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					                Stable Value Mutual Funds Continue to Enjoy Strong Growth

                                        By Randy Myers



John Axtell, Managing Director at Deutsche Asset Management and Head of its Stable Value
Management Group, has a problem any money manager would welcome: investors desperately
want his product. Specifically, they want the Stable Value mutual fund his firm manages for the
IRA marketplace. Assets in Stable Value mutual funds, which debuted just several years ago,
have skyrocketed from $300,000 at the end of 2000 to $5.64 billion as of September 30, 2003.

Addressing the SVIA’s 2003 National Forum, D.C., Axtell recalled a meeting with the chief
investment officer of a financial advisory firm who complained of a problem with Deutsche’s
Stable Value mutual fund. The problem, Axtell was relieved to hear, was that some of the
advisory firm’s clients were insisting on putting all of their money into the fund, despite the
conventional wisdom against putting all of your eggs in one basket. In some cases, they were
threatening to find a new advisor if their current advisor would not heed their wishes.

Axtell said the response of IRA investors to Stable Value mutual funds has been enthusiastic
despite a number of potentially negative developments, including rebounding equity markets, a
recent rise in interest rates, the potential of paying a redemption fee to take money out of the
funds under certain market conditions, and news that the Securities and Exchange Commission
is reviewing the way the mutual funds account for the value of the wrap contracts that are key to
their book-value guarantee, or stable net asset value.

Some managers of Stable Value mutual funds have also reported bumping up against capacity
constraints in the wrap market, not so much because there is not enough capital available to
issue contracts, but because some wrap providers have been reluctant to venture into the mutual
fund arena. “We see different risks in mutual funds than in the 401(k) market,” explained Jon
Fraade, Managing Director at AIG Financial Products, a subsidiary of American International
Group that sells wrap contracts for Stable Value investment products, including two mutual funds.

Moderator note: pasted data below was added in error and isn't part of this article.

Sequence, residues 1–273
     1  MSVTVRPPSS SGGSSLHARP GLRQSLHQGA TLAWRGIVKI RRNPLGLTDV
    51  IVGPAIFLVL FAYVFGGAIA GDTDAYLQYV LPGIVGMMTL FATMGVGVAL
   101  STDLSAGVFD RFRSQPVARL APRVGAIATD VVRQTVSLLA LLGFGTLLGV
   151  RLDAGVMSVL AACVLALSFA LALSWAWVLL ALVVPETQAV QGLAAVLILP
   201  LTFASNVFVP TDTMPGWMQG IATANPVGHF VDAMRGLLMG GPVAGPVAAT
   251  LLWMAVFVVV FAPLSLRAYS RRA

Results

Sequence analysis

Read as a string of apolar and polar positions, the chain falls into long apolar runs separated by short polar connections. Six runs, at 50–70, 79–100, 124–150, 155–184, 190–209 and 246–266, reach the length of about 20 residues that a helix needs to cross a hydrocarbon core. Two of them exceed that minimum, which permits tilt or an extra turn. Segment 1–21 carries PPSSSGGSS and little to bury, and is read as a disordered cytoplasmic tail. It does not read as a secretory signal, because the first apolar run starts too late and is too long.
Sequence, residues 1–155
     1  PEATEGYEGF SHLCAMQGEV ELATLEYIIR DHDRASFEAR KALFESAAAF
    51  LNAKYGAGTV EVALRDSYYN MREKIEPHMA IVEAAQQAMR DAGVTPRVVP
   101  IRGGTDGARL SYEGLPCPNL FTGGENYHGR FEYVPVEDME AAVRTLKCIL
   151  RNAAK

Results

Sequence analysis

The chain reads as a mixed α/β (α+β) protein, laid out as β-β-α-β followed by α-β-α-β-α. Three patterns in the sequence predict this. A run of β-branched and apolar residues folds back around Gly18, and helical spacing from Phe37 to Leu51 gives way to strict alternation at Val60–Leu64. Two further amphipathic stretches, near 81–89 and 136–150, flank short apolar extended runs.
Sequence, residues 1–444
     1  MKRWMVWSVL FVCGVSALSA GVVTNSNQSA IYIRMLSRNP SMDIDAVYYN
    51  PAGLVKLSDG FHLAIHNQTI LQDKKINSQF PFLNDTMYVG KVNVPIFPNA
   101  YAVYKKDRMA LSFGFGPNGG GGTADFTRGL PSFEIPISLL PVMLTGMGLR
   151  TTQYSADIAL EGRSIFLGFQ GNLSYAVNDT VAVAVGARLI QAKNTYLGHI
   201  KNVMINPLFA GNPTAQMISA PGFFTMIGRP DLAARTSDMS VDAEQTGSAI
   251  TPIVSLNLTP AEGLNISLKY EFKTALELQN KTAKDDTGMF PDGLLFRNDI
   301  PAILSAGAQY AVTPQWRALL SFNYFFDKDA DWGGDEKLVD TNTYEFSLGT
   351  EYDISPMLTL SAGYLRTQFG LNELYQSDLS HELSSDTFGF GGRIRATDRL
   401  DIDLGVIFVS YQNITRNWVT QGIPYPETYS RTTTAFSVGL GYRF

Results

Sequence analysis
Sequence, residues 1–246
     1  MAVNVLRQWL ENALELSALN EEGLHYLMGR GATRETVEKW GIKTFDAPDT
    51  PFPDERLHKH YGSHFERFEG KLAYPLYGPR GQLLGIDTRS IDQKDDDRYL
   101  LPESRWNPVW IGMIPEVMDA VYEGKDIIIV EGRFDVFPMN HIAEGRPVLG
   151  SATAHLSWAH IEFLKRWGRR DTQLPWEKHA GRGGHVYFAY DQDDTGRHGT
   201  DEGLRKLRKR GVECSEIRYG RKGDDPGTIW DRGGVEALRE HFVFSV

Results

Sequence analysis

Wrap issuers are concerned that such funds have not been tested in a rising interest rate
environment and that during such periods money will flow out of the funds as investors seek
higher returns in other investment products. James McDevitt, Senior Vice President and Stable
Value Product Manager at State Street Bank & Trust Co., also noted that on the institutional side
of the market, cash inflows to Stable Value funds are fairly steady since most investors contribute
to them through automatic payroll deduction programs. That sort of cash-flow certainty does not
exist in the IRA market.

All that said, Stable Value mutual funds continue to grow rapidly, and despite the big gains they
have made in attracting assets, Axtell said it would be a mistake to believe they are anywhere
near reaching their growth potential. The overall market for conservative IRA investments in
mutual funds is approximately $279 billion, he said, reflecting the $164 billion held by money
market funds in IRA accounts and the $115 billion held in bond mutual funds.

Demographics also suggest that Stable Value mutual funds have huge potential, agreed Fraade,
since the first wave of the vast baby boomer generation is now closing in fast on retirement age.
While AIG has been a cautious participant in the new Stable Value mutual fund marketplace—
and some wrap issuers have stayed out altogether thus far—he predicted that as the funds get
larger and more diversified, additional wrap capacity will materialize throughout the industry.
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